Today, I have a boyfriend, but I sometimes find myself asking him, if he's still into me? I wonder if he'll leave me for a skinnier, prettier girl one day.  I provided my mentor with these feelings and backstories and that's when he was asked me if I thought I was pretty... I said "No, not in my natural state". He then challenged me to do this blog post sharing my natural look with no filters, no makeup and no wigs. He said, "Until Shalanda learns to love Shalanda, then it will be hard for others to love Shalanda." and that "I need to find self-love from within and not from other people." Even if a guy does leave me, or cheat, it should no way affect how I feel about myself. It's their loss and has no reflection on my self-worth.

This is clearly easier said than done. As I look at these images of myself, I see an "Okay" looking girl with crazy hair that she still doesn't know how to style at the age of 33. Obviously, my hair has grown a ton since elementary school, but I still don't know what to do with it. Heaven forbid, I put it in a ponytail (Ha.)! But for real, I mostly wear my natural hair in pigtails, or a puff bun...nothing exciting. I think if I knew how to style my hair, I would love my natural state more.  Right now, it's so much easier to braid this up and wear a wig. I don't think there's anything wrong with wearing wigs or other types of hair extensions, as long as you still value your natural look. That's the place where I would love to get to. I would love to look at these pictures and think "you're beautiful just the way you are, and anything extra is just an enhancement of your god-given natural beauty." I hope through my relationship with my new mentor that I can achieve this goal.  If self-love was easy, low self-esteem wouldn't exist. 

My hair isn't the only issue that weighs on pun intended but my weight has been a big cause of low self-esteem as well. I've been up and down with my weight my entire life.  Right now I'm on the bigger side of my I don't feel pretty or attractive at plus-size.  I need to embrace my size and love myself, but again...easier said than done. Many people will say, "Well, if you don't like your size than do something about it! Change it, loose weight." Also easier said than done.  I'm currently in a biggest loser competition at my job, and being surrounded by other people who are also trying to loose weight has helped tremendously.  But again, I need to be able to look at myself in the mirror at ANY size and say, "You are enough. You are fine just the way you are." I am hopeful that I can reach these higher levels of positive self-imagery, esteem and confidence.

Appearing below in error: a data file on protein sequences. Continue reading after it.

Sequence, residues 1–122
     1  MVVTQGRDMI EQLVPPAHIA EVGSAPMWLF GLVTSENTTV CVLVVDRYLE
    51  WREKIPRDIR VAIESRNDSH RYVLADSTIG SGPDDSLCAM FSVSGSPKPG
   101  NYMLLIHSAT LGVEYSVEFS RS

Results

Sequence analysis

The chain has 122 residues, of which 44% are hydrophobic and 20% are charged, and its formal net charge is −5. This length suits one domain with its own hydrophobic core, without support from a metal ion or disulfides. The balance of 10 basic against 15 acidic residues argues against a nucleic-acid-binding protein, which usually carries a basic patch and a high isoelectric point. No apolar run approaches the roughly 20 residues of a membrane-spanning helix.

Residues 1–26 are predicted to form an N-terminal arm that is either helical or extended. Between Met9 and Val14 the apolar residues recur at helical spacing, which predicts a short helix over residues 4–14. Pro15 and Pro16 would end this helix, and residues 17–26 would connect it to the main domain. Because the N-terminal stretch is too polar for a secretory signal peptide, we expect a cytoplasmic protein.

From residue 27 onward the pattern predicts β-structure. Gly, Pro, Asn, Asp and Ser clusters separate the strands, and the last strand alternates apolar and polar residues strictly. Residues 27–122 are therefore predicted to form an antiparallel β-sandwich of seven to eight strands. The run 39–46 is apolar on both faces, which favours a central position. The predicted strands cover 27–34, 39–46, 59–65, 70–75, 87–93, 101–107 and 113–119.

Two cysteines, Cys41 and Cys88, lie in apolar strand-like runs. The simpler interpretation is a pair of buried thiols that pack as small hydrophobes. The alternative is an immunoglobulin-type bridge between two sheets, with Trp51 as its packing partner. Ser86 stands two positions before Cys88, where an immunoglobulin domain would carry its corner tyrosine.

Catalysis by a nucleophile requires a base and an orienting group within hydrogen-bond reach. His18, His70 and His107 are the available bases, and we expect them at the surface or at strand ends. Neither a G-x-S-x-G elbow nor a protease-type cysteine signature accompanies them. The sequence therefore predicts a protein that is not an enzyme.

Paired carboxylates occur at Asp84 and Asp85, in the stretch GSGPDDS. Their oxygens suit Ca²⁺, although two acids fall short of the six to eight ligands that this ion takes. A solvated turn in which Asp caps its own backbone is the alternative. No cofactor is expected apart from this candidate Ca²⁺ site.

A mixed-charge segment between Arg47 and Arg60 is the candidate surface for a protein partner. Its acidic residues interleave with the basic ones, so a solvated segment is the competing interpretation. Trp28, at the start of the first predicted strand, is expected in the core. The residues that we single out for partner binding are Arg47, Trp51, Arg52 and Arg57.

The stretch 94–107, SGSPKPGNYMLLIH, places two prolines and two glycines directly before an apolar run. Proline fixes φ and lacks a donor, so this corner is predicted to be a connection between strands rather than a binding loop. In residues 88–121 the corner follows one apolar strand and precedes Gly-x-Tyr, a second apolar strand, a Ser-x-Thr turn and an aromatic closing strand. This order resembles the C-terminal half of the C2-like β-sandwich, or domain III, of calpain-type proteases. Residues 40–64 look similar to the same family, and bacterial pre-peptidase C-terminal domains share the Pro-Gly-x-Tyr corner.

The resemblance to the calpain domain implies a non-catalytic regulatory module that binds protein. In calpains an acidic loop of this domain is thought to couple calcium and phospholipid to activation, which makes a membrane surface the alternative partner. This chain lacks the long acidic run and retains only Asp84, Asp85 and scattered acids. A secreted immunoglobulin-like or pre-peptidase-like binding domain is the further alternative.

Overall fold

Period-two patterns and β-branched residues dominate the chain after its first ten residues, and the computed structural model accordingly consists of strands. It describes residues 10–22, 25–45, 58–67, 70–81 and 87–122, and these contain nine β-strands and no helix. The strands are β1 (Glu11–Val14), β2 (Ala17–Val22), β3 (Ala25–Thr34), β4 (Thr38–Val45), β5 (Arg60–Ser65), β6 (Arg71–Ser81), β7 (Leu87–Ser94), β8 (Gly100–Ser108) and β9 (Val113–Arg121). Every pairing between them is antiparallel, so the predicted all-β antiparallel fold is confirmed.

Do you suffer from low self-esteem issues? If so, what things are you doing to overcome these issue? Let me know in the comments or on social media! You can also email me as well if you would like to have a private conversation. 

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  1. I really appreciate you sharing your thoughts. I grew up in a similar fashion - too different from white kids and not black enough for the black kids. It really haunted me, and it wasn’t until I met my husband and started going to therapy that I was able to get at the root of it all and start to affirm that I was enough. It’s always going to be work for me, but just saying it out loud on the good and bad days helps to keep going. I’m so glad you posted this. You are so radiant and beautiful, and I love following your stuff. Thank you for sharing this with us all, no matter how hard.

  2. Shas, the exciting part of this all is that you recognize there is self-worth to be reached and fought for. We all learn a long the way but once you've reached it and love your self whole heartedly then you'll b able to do anything while rocking whatever style and weight you want to rock because at the end of the day, you know that you are enough. I grew up with insecurities also. I tried to hide my body with oversized jackets and pants, sometimes I still do it now! We have stories that we can share all day long and the good thing too I am able to share things more vocally so if you ever need a talk or whatever I got you! Love ya! Leen Bean!

  3. I think that this was brave and humbling of you to put yourself out there. As a result many people will be touched by this. Honestly I think your a pretty girl. Your color and skin are pure beauty. Your hair looks very healthy. Many people look like they just woke up from a 10 week sleep without makeup. But you don’t. I’m not just saying this. GOD bless you for inspiring many people to see that it’s ok to have insecurities, recognize them, and work towards confidence. We are all insecure about something nomatter what anyone tells us. But being honest with ourselves is important and you were! I pray that soon we will all look in the mirror and see that we are beautiful regardless of how we think we look.

  4. Shas, the first thing I thought when I saw this post was “Oooh, I love her hair like that!” So I hope that tells you something. :) You’re brave for letting that all out. I’ve struggled with appearance issues my whole life but I somehow I manage to care less the older I get. Except for the gray hairs...I hate those things, ugh. So I guess I’m not completely cured...but I think we’re all works in progress.